Certainly, this is a very difficult time for a big tax rate increase, and no matter when, it would be burdensome for most of us. However, let’s keep in mind that the rate hike would most likely begin with the 2021 assessment, probably becoming due sometime in early 2022. Hopefully we will all be climbing out of this disaster by then, and a major new Project Connect public works project would be injecting essential jobs and cash into the economy to help with the process of revitalization.

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Project Connect Plan Can Lead the Way Toward Regional Electric Light Rail System

30 September 2020

Austin metro area is a regional area and needs a complete, comprehensive, fully interlined regional electric light rail system for adequate, cost-effective mobility. Map: ARN, from Google Maps.

By Lyndon Henry

The following statement by Lyndon Henry, a technical consultant to the Light Rail Now Project and contributing editor to Austin Rail Now (ARN), was presented as part of Public Comment by phone on 7 August 2020 to a joint meeting of the Austin City Council and Capital Metro Board considering approval of an Interlocal Agreement and incorporation measure to implement a proposed Austin Transit Partnership to manage the proposed Capital Metro/Project Connect multi-modal transit system expansion project. The $7.1 billion multi-modal transit system plan, with two initial light rail lines, will be presented on the ballot for voter approval as Proposition A in the upcoming election on 3 November 2020. (The complete Project Connect long-range plan includes three eventual light rail lines as well as other regional rail services and various bus-based services.)

I’m Lyndon Henry. I’m an urban planner and transportation planning consultant, a former Capital Metro Board member, and a former data analyst for Capital Metro.

The Project Connect plan, centered on an urban rail system and anchored by a light rail spine along the key North Lamar-Guadalupe-South Congress Orange Line corridor, would basically implement the mass transit vision I’ve been advocating for the past 49 years. In pursuit of that vision, I participated in creating Capital Metro, served four years on its board, and later worked for the agency for nine years.

Starting in the 1970s, I initiated an effort to acquire, for rail transit use, the former Southern Pacific Railroad branch line from Giddings to Llano, the western part of which is in operation today as the Metrorail Red Line. I’ve also been continuously active over four decades as a community participant in the urban rail planning process, including Project Connect.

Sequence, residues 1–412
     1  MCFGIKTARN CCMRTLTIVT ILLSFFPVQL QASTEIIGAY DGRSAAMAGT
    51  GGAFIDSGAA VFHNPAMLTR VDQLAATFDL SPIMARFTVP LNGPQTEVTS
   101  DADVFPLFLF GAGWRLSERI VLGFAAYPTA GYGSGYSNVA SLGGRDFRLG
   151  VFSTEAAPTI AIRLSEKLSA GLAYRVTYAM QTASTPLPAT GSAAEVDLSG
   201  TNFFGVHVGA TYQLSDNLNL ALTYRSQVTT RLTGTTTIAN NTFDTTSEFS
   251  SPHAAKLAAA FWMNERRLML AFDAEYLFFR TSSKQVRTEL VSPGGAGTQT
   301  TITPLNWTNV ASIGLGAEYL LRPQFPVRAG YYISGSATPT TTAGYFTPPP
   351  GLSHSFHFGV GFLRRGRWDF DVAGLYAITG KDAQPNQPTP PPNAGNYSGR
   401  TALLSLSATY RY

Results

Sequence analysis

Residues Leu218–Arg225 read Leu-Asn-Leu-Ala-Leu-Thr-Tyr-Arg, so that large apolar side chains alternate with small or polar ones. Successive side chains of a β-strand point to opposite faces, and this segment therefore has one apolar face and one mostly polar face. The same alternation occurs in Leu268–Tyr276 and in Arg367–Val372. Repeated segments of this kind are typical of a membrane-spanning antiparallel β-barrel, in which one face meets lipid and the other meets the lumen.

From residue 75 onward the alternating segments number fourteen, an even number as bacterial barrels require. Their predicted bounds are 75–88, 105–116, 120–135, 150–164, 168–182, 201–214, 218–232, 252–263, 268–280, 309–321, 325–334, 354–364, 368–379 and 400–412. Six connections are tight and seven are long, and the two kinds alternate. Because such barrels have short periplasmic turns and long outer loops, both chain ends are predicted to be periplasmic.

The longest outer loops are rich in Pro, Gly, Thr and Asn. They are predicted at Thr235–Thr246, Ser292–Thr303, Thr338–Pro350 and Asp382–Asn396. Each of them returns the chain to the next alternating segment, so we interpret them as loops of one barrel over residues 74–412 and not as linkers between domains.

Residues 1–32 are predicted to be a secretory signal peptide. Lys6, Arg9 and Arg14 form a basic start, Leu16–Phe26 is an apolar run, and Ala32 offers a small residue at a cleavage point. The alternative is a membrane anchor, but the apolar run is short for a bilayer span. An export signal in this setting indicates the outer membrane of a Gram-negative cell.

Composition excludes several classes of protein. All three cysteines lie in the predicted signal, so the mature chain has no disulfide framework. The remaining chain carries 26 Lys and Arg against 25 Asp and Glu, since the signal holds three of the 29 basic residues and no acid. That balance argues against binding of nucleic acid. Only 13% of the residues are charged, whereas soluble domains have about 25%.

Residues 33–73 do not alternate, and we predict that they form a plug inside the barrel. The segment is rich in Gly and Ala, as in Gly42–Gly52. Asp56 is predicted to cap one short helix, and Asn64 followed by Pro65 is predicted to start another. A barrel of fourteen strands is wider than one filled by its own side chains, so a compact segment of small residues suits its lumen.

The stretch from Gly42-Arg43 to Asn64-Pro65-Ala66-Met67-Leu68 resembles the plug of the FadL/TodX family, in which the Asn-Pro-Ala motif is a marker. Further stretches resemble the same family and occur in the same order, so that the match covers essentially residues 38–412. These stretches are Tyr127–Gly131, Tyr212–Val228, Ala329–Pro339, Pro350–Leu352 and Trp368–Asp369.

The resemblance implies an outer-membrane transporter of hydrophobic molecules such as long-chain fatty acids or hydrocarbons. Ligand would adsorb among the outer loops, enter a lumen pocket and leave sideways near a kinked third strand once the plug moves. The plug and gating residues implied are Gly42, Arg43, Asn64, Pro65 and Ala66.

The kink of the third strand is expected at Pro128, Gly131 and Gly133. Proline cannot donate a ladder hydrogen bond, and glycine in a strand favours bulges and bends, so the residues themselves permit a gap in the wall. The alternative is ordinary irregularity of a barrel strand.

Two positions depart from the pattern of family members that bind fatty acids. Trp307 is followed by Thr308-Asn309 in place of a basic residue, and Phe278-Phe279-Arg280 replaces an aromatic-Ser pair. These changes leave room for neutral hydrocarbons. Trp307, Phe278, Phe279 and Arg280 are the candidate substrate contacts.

From its inception Capital Metro was conceived as a regional system with rail transit to serve both suburban and central-city neighborhoods of the Austin metro area. The Project Connect plan, with its three light rail lines, can be a major step toward fulfilment of that original intention to connect Austin’s more outlying neighborhoods with one another and the central city.

Expanding electric light rail is crucial to that regional vision. This can be done relatively easily and cost-effectively.

First, the Metrorail Red Line and proposed Green Line can be converted to faster, more cost-effective, high-capacity electric light rail service for the northwest and eastern sections of the metro area..

Second, the former Katy railroad right-of-way is a natural alignment to link eastern and northeastern suburbs and communities into central Austin.

Third, in south and southeast Austin, the former Bergstrom spur right-of-way offers an excellent route for an additional light rail line directly linking the ABIA airport with the Union Pacific rail corridor, South First St., the South Congress Transit Center, and neighborhoods east of I-35 along the Ben White/US 71 corridor.

I strongly support approving the Interlocal Agreement and incorporation measure to implement the proposed Austin Transit Partnership, and the funding commitments, toward the goal of building the regional highspeed electric light rail network that Austin has needed for so long.